Monday, 28 February 2011

The Killing

It seems as if BBC 4's Danish crime-thriller 'The Killing' is about to transition from its current cult-viewing status to attracting a more mainstream following.

After catching up with the first six episodes on iplayer, I too spent the following two Saturday evenings in my current 'unemployable & never-leave-the-house' mode watching the show on a proper television screen, where it really shines.

But it's also hard to know what makes the programme so watchable. Having indulged in The Wire and subsequently developed a critical and cruelly-cynical eye for any sub-standard television, The Killing shouldn't necessarily make the grade. It's solidly produced and displays impressive acting from those involved, but you can't shake the feeling that if it were an English production it would only be middle-of-the-road grade material.

The language barrier gives it a strange exoticism, but there is something darker at the heart of the show that gives it a real appeal. It's dark both literally (you'll be scrabbling for the contrast settings on your set within the first ten minutes) and spiritually. There seems to be little hope for the parents of the murdered teenage girl at the centre of the plot, and little evidence for detectives Sarah Lund and Jan Meyer to work on bringing the case to a successful close.

The plot is also completely unpredictable, which both gives the viewer no chance to work out in advance what will happen next (cheating, but in an entertaining way) and a sense of being lost within some bigger picture. Indeed as the show goes on, more and more significant political figures are somehow dragged into the vortex that the murder case becomes.

The combination of perpetual darkness, chilling musical minimalism and frustration and tension involves the viewer like few other shows I've had the pleasure of watching. I had to resort to watching the latest two episodes again on the internet this weekend after being elsewhere on Saturday night. It says plenty for the programme that leaving the house for a night out when The Killing is on is a tricky decision to make.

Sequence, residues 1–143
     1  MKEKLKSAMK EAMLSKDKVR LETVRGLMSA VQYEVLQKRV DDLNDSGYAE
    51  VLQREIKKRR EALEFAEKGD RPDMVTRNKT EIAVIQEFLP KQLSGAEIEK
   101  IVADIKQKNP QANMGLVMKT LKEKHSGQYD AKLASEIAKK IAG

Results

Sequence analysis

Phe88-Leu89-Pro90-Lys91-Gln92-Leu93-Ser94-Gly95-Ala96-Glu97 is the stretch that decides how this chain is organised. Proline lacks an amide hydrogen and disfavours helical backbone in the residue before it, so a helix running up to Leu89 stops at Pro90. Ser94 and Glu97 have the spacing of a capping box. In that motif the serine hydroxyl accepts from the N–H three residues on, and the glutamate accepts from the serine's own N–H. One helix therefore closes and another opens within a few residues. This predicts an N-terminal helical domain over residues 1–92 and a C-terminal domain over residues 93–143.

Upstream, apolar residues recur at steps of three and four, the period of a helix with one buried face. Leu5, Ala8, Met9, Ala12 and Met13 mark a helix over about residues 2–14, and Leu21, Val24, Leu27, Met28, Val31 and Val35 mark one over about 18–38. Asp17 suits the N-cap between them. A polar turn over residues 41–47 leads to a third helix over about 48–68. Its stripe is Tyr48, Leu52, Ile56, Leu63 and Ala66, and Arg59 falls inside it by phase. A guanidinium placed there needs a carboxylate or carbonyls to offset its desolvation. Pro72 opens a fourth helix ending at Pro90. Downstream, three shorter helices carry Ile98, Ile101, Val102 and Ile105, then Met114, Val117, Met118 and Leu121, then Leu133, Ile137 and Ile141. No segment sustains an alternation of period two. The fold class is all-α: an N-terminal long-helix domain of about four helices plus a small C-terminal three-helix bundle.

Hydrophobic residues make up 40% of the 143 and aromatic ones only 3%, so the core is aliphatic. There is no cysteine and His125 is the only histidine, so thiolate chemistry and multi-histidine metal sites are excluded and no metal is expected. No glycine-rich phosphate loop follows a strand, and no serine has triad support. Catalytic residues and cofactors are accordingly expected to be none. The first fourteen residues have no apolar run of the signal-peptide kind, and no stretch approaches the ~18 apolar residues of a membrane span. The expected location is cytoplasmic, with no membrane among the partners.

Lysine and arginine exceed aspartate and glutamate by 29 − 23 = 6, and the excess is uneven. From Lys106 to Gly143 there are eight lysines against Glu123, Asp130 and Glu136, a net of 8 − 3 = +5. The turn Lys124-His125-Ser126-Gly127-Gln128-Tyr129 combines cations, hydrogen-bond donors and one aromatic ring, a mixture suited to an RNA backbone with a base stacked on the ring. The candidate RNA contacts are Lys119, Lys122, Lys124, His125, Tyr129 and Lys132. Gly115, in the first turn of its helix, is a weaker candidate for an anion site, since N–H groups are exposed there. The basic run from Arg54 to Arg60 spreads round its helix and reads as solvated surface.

If you haven't yet had the privilege, catch up online and treat yourself to a rare Saturday night in this weekend. There's every chance you'll be hooked.

Monday, 10 January 2011

Seven not out

Peep Show reached the end of its seventh season over the festive period, and it's just about holding together as one of Britain's strongest comedies.

What is strange about the show is that it can have reached such a landmark whilst still attracting what's just about fair to call a cult following. Talk to enough people about their favourite television shows and you can often share plenty of common ground. But when Peep Show enters the conversation, half will fall silent, look to the floor and mutter: 'Yeah, never really got into that.'

It's partly the two characters involved, intraverted nerdish-type who's reasonably nice but has the unnerving habit of picking fights with boilers, or deluded musician wannabe who's slipping slowly into the unsatisfying mid-life crisis with nothing to show for it.

Unless you can identify with certain attitudes, opinions and traits of either Mark or Jeremy (not a problem here- delusion, vaguely sociopathic etc), maybe there's a lot less to entertain the bored channel-hopper.

It has definitely become more 'mainstream'. The opening series was darker, more oppressive and moodier. But the development curve hasn't damaged the quality of the writing, and no matter how near it has come to 'jumping the shark' - season four's episode with Jeremy eating a dog perhaps came perilously close - I have hung with it with unrelenting loyalty.

It does need to stay away from the more slapstick elements though. The concluding New Year's episode in the latest series would have benefited from the awkward separation of Mark and Jeremy left hanging in the air as the finale, rather than Super Hans returning to beat Jeremy in revenge for an earlier transgression. And Mark feeding Christmas Dinner into a paper shredder in the penultimate episode was equally extreme.

But to have reached this point where it feels as though the show still has plenty more to offer and the characters are so well established in the viewer's psyche is huge credit to writers Jesse Armstrong and Sam Bain. I'm still in for the long haul.

Good cop, bad cop
As a recent graduate I've spent plenty of time over the last several years watching mindless police-based reality shows at strange hours of the day. Road Wars, Police Interceptors, Motorway Cops- you know the sort. So I was pleased to see that my opinion of the utter hypocrisy the shows unintentionally promote was intact on the latest edition of 'Motorway Cops' on BBC One.

After spotting an oblivious citizen driving whilst talking on a mobile on the opposite side of the road, traffic officer Adam Toal waxed lyrical with a straight face about the dangers of such an action, before performing a speedy U-turn across the street, accelerating harshly and nearly clipping a parked car, and screeching off at high speeds through a residential area in order to catch up with her.

Sadly, the BBC's shows generally fall short of the high standards of Channel 5's Police Interceptors, which features various Essex policeman verbally masturbating over their new Mitsubishi Evo squad car, and driving it like the boy racers they spend their days chasing for the benefit of my viewing pleasure.